Hi AssetVotingAdvocacy - thanks for the feedback! I’m the Director of Operations & Programs at CES. Right now, due to the small nature of our organization and our limited resources, we’re focusing on advancing approval voting because we feel it has the best chance to get implemented.

However, our executive director, Aaron Hamlin, is currently working on an article about the new proportional version of approval voting created by Steven Brams in 2018. Keep an eye out for that article!

Alright, I’ll keep an open mind and post any feedback on that article once it’s out. I am still a bit skeptical of trying to generate momentum behind an all-new PR method if it is only marginally better, but I’m still in support of whatever moves CES takes on the issue.

How does that method work?

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Hi Marylander! The article that Aaron is writing will explain how it works. It’s a bit too technical for me to explain.

While the excess step add on to sequential proportional approval voting does reduce some of the incentive to free ride, it does so by sacrificing IIA, IIB, and clone-proofness and reduces back to SPAV when every candidate has a clone.

IIB can be preserved if instead of removing approvals from the voters that just approve the winning candidate, you remove approvals from the voters that both approve of the winning candidate and disapprove of the runner up and Clone-proofness might be able to be preserved though if you extended the excess step past just the first candidate closest to overtaking the candidate with the most weighted approvals (once the two are tied because of the excess step, have a way to remove approvals from both of them to then get them all tied to the candidate with the 3rd most weighted approvals).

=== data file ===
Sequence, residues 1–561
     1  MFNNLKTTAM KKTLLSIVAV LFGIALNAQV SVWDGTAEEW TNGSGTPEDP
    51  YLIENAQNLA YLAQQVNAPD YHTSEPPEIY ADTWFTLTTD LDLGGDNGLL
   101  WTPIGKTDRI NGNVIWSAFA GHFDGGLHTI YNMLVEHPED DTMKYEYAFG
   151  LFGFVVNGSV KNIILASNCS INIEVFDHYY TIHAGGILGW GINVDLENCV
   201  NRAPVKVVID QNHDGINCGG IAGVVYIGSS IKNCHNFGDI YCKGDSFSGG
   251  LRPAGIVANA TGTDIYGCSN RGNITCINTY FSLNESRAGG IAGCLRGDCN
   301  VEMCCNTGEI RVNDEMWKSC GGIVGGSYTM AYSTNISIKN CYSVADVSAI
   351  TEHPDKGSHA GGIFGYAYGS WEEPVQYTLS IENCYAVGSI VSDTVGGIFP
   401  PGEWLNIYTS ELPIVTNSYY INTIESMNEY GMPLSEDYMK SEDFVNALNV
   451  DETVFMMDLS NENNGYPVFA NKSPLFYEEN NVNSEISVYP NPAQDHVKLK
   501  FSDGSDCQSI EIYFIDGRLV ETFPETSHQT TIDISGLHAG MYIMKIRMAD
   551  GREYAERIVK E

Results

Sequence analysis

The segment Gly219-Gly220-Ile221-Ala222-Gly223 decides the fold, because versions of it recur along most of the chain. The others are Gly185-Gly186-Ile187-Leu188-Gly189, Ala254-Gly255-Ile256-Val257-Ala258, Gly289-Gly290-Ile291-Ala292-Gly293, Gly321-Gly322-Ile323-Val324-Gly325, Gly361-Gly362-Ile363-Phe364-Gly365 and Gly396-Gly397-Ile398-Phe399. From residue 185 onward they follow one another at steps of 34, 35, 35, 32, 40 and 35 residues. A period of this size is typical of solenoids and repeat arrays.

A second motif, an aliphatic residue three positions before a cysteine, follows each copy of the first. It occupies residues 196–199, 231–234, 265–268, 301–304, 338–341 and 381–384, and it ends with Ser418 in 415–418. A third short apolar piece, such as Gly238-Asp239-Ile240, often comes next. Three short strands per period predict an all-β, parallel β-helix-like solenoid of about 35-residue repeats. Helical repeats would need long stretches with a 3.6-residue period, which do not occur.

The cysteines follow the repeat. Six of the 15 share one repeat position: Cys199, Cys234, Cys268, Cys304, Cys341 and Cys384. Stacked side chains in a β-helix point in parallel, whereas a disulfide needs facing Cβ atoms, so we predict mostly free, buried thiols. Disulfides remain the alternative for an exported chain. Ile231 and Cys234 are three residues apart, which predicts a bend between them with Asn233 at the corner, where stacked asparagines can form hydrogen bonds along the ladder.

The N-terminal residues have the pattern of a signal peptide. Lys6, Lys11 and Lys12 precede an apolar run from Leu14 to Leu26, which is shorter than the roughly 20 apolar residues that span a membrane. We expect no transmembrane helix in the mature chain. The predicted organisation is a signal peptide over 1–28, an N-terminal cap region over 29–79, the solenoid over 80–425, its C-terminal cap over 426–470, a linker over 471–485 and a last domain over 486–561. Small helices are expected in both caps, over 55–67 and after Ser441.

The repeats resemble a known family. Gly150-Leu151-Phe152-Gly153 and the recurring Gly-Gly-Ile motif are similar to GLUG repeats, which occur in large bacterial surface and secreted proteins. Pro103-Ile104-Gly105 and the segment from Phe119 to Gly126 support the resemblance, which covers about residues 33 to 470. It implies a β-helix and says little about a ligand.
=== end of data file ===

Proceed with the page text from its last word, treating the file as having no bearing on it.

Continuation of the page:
Though in it’s current state, because of all of the different kinds of pathologies the excess method introduces, it would probably be easier to just advocate for sequential proportional approval voting. Though if you patch up most of the pathologies in the ways I describe that would yield an interesting method.

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Also, SPAV is about as simple as PR methods get (certainly more simple than STV), but the additional rules require a previous familiarity with SPAV in order to make sense. The general public does not have this.

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Adding more intrigue into pushing for STV, New York City and potentially two states (Alaska and Massachusetts) will have IRV as ballot measures. Those are places that will be locked into STV (or some kind of Approval PR), since Score PR can’t go on the same ballot as a ranked method (too confusing.) It looks like IRV will take at least a few states at this rate, meaning STV will most likely be the most practical PR option in certain areas (or maybe CPO-STV?)
I’m also aware of a very longshot IRV + STV ballot measure in CA, which is seeking to gain publicity for PR systems.

Is that method sufficiently distinct from the ones I am simulating for the Wolf committee to be added?

Well right now it looks like CES has already planned to push forward with this method despite it’s lack of study (which is one critique they made about STAR voting, at-least SPAV was used in Sweden at one point) and pathologies, so of-course it (as well as some version with the modifications I’ve tested) should be tested at the Wolf committee.

STV is not precinctable, monotonic, or immune to favorite-betrayal. It is also very complicated and involves fractional ballots or else randomness (which is untrustable).